Hedge fund giant Highland Capital claims to have some incriminating emails which could influence the outcome of a lawsuit it filed against Credit Suisse in Dallas.
Highland alleges that Credit Suisse Group AG (ADR) (NYSE:CS) was fully aware that it had over-inflated appraisals of a luxury Las Vegas development, which led to the fund losing $250 million as a result. Now it has unearthed emails which could land the bank in hot water.
The owners of Lake Las Vegas defaulted in 2008, but they had already refinanced with Credit Suisse. Highland chief James Dondero now claims that the bank was fully aware that the loan was “crap”, with one Credit Suisse banker even saying so in an email to a colleague.
“Where are you guys finding all this crap?” Grant Pothast asked. “You must have the deepest dredge known to mankind.”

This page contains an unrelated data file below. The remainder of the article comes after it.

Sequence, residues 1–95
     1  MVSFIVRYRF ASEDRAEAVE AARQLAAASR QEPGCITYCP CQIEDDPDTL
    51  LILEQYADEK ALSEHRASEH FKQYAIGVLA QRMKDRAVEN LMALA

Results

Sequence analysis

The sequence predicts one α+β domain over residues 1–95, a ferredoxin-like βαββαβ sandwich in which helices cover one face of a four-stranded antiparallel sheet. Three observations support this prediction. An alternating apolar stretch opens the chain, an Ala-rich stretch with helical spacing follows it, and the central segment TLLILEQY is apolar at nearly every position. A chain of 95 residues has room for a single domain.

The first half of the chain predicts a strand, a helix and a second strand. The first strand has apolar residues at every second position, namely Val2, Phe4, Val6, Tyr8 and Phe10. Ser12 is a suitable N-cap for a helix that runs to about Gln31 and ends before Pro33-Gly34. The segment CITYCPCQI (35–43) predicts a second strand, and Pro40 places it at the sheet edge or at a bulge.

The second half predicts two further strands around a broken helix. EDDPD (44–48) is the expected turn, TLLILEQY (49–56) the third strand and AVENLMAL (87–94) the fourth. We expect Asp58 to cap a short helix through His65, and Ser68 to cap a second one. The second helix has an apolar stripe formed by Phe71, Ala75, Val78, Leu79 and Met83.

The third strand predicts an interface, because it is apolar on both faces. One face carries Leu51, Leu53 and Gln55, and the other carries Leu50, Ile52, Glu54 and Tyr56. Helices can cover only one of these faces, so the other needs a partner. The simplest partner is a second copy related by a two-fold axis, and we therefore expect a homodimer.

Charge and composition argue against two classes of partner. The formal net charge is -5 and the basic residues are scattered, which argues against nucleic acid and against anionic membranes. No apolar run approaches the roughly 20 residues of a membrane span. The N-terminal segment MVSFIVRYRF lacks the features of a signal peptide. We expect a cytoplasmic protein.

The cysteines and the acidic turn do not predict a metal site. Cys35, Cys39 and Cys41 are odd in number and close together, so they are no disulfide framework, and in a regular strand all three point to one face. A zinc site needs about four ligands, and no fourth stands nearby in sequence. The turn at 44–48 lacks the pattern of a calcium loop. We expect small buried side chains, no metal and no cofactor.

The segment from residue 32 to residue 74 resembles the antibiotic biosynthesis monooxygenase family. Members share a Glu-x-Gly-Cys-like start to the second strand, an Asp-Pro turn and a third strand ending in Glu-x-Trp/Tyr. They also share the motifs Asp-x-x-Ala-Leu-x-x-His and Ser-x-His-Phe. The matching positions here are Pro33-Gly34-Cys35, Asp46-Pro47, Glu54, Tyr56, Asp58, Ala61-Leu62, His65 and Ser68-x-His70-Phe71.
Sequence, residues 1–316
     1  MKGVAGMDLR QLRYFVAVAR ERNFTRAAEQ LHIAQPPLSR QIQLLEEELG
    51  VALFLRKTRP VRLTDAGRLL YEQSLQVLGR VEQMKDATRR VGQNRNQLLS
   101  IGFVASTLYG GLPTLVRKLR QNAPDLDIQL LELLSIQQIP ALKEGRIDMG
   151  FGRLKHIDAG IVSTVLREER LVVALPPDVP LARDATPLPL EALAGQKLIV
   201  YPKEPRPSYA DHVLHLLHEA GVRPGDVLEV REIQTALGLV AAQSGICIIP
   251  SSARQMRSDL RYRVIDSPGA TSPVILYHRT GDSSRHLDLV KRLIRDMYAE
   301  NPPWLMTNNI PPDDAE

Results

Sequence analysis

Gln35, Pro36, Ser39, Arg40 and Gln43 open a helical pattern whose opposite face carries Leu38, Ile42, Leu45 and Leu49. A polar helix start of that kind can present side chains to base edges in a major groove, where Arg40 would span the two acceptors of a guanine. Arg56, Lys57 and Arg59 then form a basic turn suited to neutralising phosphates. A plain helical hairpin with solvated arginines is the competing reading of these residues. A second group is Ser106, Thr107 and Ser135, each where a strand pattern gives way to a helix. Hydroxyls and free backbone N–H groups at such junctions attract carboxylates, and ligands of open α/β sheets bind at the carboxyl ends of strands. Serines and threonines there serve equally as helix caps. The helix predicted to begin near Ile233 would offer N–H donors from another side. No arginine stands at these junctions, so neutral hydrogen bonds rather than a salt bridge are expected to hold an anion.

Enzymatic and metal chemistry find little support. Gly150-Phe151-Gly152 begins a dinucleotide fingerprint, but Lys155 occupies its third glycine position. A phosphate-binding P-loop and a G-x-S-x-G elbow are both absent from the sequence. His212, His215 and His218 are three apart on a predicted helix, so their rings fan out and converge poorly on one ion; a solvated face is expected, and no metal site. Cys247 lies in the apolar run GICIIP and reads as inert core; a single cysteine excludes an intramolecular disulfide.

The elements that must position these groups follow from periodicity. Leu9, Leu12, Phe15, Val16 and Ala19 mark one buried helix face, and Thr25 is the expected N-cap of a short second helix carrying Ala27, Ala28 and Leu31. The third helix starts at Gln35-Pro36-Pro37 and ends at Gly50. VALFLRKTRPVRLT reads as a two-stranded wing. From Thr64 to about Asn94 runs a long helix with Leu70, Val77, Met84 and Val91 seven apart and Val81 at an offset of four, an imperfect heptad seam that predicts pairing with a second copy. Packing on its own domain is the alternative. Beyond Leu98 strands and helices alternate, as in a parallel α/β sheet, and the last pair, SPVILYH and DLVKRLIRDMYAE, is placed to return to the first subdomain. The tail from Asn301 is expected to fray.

“I will go anywhere I can find a fee,” said fellow banker David Miller, in a reference to the fact that Credit Suisse Group AG (ADR) (NYSE:CS) would receive a fee if any refinancing took place.
Miller was responsible for valuing the property, using a method of his own design which Highland claims is fraudulent. The hedge fund says that Miller used inflated appraisals to earn more money from these fees. In this particular case the value of Lake Las Vegas jumped from $450 million to $1.1 billion with a few months of Miller’s appraisal.
A rash of new products
According to Highland, in 2004 Credit Suisse Group AG (ADR) (NYSE:CS) introduced a number of new loan products which allowed developers to refinance and immediately pay themselves a big dividend from the proceeds. The e-mails are being examined as part of a federal trial which began on Tuesday.
Each of these products resulted in “bankruptcy or restructuring” and further emails from 2007 appear to show bank staff discussing how they could go about “getting out” without incurring losses, according to court papers filed by the hedge fund.
However their chances of winning the day could be damaged by a similar case brought against the bank in Manhattan. Judge Charles Ramos rejected the case.
For its part the bank claims that Highland is looking for a scapegoat, and denies any wrongdoing. It has since claimed that the refinancing allowed other Highland funds to earn money, meaning that overall losses are limited to $82 million.